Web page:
"Out here? In peasant-ville?" She asked in astonishment, quirking a bright red eye brow.
"All the noble woman are married, or promised to another. And I want a wife," He explained grumblingly, as if his circumstances were the worst one could possibly be in, "I want one now."
"Good luck, then," Zinia replied with a smirk, her tone bemused, as she took a step back from the carriage and began walking once again down the road to her home, whistling and kicking up dust as if the encounter had never even happened. As the Royal party stared on in astonishment at the brash, and impolite shepherdess, a deep rumble of thunder shook the sky and a long, bright flash of lightning broke through the clouds as a torrential rain began to fall in curtains that obscured everyone's vision...including Zinia's, though she didn't let on that it was so.
She heard the clip-clop of well-shoed horses behind her, and began to move once again to the side of the road, when she heard the Prince shouting from the carriage window. It took her a moment to understand his words, as the rain loudly slapped the ground around them, but she finally made out his grumbled words.
The Prince didn't look happy at all with what he was offering, and Zinia decided that the woman inside the carriage must have taken his ear hostage once more before telling him to say the words that he spat from him mouth like spoiled food. "Get in the carriage, you can't walk home in this rain," He shouted above the storm, a forced pleasantness in his voice.
Zinia paused, contemplating whether or not to take him up on his offer. With a shrug, she consented, pulling her long, red curtain of now-drenched hair from her eyes before yanking the carriage door open on her own (not waiting for the scrambling footmen) and hoisting herself in. She may have hated the Prince, but she didn't want to catch her death in the cold, hard rain. She plopped herself on the bench across from the boy and his Godmother, getting a bit of satisfaction at the look on the Prince's face as he watched her get the rich, velvet benches soaking wet.
Nothing to Lose
Orian sat in the tall oak tree, mostly sheltered from the rain by the thick cover of leaves that acted as a slightly leaky roof. He had watched the carriage approach for miles, and he could feel his muscles tensing and relaxing in excitement as the much-needed adrenaline rushed through his veins at the thought of what would soon come to pass.
Orian wasn't a very good thief, and he had been caught many times pilfering a loaf of bread or a glass of ale at the pub...but he had, thus far, been released because of his age. The 15 year old boy was a thief by trade, but he had a few drops of wild magic coursing through his soul, which he still fought to harness and control.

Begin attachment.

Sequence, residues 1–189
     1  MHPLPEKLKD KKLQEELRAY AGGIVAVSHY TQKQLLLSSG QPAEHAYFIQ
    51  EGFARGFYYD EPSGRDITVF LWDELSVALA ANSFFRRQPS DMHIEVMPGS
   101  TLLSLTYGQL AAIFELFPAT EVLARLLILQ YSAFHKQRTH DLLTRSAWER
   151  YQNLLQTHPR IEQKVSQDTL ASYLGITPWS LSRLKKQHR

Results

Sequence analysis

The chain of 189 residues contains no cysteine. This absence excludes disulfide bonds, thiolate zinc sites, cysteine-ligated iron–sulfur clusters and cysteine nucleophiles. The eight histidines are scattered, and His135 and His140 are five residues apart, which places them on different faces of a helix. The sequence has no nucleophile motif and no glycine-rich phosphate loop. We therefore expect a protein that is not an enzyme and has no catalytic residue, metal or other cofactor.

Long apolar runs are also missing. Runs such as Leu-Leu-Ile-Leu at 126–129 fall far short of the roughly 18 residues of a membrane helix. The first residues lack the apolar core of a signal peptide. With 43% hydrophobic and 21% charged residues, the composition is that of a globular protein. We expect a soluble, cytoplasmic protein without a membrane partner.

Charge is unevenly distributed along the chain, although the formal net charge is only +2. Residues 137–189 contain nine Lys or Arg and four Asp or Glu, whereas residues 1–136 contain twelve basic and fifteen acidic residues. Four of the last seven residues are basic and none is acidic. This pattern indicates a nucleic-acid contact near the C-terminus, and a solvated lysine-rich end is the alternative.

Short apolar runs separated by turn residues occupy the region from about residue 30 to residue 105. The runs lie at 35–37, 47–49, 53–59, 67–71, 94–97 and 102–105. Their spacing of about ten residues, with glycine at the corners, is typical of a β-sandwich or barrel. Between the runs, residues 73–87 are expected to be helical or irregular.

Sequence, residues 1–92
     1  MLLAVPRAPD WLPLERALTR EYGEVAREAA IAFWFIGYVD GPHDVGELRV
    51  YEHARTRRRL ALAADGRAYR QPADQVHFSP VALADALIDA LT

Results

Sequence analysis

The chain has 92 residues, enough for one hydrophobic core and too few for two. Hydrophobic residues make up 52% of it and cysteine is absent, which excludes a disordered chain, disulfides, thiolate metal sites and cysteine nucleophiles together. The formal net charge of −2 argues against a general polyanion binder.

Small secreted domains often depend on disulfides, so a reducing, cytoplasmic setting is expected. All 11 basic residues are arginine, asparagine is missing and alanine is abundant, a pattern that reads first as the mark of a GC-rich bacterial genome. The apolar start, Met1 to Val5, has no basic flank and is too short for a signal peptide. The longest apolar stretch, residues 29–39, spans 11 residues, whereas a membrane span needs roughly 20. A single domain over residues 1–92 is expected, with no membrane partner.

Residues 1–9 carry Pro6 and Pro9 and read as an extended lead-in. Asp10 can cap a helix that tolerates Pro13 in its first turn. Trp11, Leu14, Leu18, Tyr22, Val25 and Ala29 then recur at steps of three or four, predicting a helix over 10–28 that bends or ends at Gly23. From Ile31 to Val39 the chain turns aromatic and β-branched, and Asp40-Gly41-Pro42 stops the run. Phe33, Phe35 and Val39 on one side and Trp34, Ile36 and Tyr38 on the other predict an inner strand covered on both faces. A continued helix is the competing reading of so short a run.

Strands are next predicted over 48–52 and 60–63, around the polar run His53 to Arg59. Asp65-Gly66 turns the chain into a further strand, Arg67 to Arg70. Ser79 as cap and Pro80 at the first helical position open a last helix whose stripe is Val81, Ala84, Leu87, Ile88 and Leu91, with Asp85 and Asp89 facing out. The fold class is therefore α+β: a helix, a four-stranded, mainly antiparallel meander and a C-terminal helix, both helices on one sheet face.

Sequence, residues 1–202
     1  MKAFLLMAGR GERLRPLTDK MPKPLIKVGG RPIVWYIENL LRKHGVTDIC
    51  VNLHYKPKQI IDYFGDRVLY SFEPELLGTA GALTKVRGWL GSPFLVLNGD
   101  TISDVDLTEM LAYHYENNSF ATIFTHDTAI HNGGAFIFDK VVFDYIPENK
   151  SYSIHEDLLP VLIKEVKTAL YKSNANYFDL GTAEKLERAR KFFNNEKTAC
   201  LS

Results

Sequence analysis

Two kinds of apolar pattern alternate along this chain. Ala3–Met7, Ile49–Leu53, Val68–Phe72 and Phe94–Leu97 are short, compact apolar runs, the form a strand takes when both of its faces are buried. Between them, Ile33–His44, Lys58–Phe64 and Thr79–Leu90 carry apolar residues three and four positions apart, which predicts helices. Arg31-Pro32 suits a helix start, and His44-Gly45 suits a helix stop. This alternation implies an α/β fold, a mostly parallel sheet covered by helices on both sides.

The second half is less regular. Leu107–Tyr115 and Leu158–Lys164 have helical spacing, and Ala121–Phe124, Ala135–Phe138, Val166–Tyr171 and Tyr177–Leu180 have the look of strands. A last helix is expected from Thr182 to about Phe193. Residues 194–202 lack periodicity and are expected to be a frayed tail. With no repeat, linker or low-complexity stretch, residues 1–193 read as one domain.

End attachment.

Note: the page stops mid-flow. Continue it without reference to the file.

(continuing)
The carriage was rattling closer, and the desperate boy perched on his slippery tree limb almost changed his mind as he contemplated the consequences of what would happen if his plan failed, and he was caught, red handed, amidst the company of soldiers that guarded the Prince so closely. "What's to lose?" He asked himself, running a hand nervously through his short, black hair and wiping a few drops of rain-- or was it nervous sweat?--from his face.
The Prince's Royal parade rumbled under Orian's branch, and the desperate boy took a deep breath, threw his conscience to the wind, and threw himself from the tree, swearing loudly as he plummeted toward the roof of the carriage.
Zinia gasped and pressed herself against the wall behind her as the roof of the carriage caved in, ripping and tearing loudly and sending a rain of jewels and gold trimming raining down upon her head. She saw the figure land painfully on the polished wooden floor, and winced as it gave a grunt of pain. It remained on the now wet, and jewel covered floor in shock for only a moment before hopping nimbly to it's feet. Its -or his, as Zinia could now discern- eyes were open wide, and she could see clouds of fear and triumph drift across them sporadically.
He took inventory of the company he was in before reaching out, grabbing both Zinia and the Prince violently by their arms as he muttered archaic words that made Zinia's stomach churn and her head spin with magic-inspired vertigo. The scene of the horrified Godmother and scrabbling Prince flickered before her eyes, and she blinked restlessly, trying to clear the fuzzy feeling from her mind as her surroundings flashed in and out of sight. With a flash of bright white light, which Zinia decide must have been wizard-magic, everything around her vanished from sight, to be replaced by a rushing white light and wind beating at her face.
She attempted to scream, to shake the wizard-boy's hand from her arm, to thrash herself free from the binding white energy that was encompassing her...but to no avail. The wizard-boy and his white magic held her fast, and there was, to her dismay, no chance of her escape.